The first time Chicago police officer Tim Crawford observed a peace circle, he was skeptical.
But after a while, “I started to see—hold on—this works,” he said. “Especially with people who experience trauma on a regular basis. You’ve got to have a place to vent, to speak your truth.”
Crawford (pictured far right) works with Bridging the Divide, a program of the YMCA of Metro Chicago. It was developed to help build understanding between youth, law enforcement officials, and other community members.
“We’re building relationships with real kids out in communities who probably will have interactions with police,” he said.
Connection through struggle
Crawford spoke during the closing panel of the Restorative Justice Youth Conference in October, a two-day event that brought people together for a weekend of workshops, peace circles, and panel discussions at the Main Library.
Also on the panel was Darrius Lightfoot (pictured at left), co-founder of Fearless Leading by the Youth, which trains youth in community organizing.
For a long time, Lightfoot said, he did not want to sit down with police officers in a peace circle. He didn’t think he could connect his everyday struggles with theirs.
“These are the people I’m afraid of shooting me,” he said. “I’m very traumatized by the police.”
But after hearing officers say they also fear for their lives every day on the job, “I connected my struggle to their struggle,” he said.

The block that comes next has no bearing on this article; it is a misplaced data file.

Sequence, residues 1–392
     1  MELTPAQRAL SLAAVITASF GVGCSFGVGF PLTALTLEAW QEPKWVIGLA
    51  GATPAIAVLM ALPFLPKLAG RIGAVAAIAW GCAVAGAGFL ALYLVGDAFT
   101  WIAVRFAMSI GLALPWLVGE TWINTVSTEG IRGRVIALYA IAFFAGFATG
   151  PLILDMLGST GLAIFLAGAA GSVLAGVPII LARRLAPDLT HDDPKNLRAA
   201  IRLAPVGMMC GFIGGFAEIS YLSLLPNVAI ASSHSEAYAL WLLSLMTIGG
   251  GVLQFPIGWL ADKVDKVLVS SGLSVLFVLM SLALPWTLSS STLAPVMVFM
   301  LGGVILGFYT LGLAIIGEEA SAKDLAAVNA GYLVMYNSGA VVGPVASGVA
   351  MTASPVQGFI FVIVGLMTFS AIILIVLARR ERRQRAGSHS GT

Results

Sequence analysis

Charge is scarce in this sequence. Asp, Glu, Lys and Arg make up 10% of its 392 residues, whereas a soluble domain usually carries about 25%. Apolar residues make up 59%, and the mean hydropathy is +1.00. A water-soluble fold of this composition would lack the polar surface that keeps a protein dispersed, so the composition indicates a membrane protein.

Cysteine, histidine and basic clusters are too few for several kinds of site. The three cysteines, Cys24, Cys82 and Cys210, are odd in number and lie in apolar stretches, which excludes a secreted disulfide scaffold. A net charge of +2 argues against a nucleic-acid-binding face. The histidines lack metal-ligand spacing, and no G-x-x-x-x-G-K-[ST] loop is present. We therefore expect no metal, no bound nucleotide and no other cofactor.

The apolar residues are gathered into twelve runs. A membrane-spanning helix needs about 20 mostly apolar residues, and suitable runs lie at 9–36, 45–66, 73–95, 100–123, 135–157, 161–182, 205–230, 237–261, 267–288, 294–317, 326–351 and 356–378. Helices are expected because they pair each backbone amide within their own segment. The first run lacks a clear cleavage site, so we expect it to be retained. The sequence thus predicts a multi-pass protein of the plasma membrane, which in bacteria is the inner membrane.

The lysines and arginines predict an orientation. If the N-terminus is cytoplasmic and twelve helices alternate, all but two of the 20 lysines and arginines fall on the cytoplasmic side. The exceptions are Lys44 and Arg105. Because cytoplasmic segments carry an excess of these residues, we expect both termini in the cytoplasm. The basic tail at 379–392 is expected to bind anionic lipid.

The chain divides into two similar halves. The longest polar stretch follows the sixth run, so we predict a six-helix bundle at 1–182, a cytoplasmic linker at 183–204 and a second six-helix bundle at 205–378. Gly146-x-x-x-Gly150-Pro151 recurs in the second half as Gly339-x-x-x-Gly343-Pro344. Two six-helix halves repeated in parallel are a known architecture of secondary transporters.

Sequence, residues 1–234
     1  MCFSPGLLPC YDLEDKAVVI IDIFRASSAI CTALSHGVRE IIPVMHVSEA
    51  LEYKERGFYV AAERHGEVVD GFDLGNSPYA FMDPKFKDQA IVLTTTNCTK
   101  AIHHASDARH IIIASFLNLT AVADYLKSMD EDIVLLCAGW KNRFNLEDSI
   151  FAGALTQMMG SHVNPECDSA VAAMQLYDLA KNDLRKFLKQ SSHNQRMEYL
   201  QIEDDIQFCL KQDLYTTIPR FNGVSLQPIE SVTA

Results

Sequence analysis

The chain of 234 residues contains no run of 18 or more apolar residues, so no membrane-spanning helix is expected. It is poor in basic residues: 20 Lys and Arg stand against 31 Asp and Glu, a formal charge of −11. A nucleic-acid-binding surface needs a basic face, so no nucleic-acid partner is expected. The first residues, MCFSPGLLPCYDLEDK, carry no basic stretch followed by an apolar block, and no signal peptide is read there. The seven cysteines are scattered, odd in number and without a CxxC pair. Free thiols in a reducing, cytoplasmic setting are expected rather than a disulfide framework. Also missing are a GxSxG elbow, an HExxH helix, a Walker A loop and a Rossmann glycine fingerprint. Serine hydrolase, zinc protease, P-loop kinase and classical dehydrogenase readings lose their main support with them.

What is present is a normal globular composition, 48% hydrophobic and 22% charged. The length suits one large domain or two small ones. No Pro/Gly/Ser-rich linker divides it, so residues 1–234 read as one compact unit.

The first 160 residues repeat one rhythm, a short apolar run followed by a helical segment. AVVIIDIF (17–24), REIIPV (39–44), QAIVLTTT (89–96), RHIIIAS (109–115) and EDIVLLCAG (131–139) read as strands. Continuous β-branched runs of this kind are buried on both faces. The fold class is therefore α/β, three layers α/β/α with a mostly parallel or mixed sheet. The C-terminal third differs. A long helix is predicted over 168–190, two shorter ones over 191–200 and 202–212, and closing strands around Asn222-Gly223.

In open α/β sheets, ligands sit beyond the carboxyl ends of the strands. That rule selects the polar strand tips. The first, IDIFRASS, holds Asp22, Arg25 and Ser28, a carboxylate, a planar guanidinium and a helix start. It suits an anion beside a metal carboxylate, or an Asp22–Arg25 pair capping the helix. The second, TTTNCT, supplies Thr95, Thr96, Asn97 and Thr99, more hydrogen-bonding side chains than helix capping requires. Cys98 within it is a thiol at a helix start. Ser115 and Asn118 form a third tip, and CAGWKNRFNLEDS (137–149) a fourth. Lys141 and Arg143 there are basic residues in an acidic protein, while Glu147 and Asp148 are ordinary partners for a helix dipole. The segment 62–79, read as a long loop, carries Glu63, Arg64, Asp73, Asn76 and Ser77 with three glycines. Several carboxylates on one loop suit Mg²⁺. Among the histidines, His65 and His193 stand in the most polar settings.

Lightfoot added that, for him, the work of repairing relationships is ongoing.
What is restorative justice?
Restorative justice is an approach that focuses on repairing the harm caused by crime. Repair means healing for the people directly involved, and for the community at large.
“This model relies on proven techniques of forgiveness and empowerment, which are far more successful than our current system of punishment,” wrote participant Susan Lucci in a blog post after the conference, noting that the United States has the highest incarceration rate and largest prison population in the world.
Over two days, restorative justice practitioners from organizations including Heartland Alliance, Catherine Cook School, and A.L.M.A. (Arts Language Music Alliance) led workshops and spoke on panels at the Main Library, sharing strategies they’re using.
“We are a public institution, and we love to share information,” said the library’s Social Services Specialist Stephen Jackson, who organized the weekend conference along with young people. “That’s what libraries do.”
Peace circles are a key part of the approach. In a circle, those affected are brought to encounter one another, amends are made for the crime, and all parties are reintegrated into the community.
“The most soulful parts of the weekend were the opening and closing circles, where we were all seen, heard and connected,” Lucci wrote.
“One of the most poignant moments was when Stephen Jackson asked the panelists to name individuals who had guided, inspired, uplifted, and loved them. Hearts broke open with gratitude. There wasn’t a dry eye in the room. It turns out that not one of us successfully navigates life solo; we absolutely cannot pull ourselves up by our own bootstraps. We can’t become ourselves by ourselves. We need each other, which our ancestors knew so well and we seem to have forgotten.”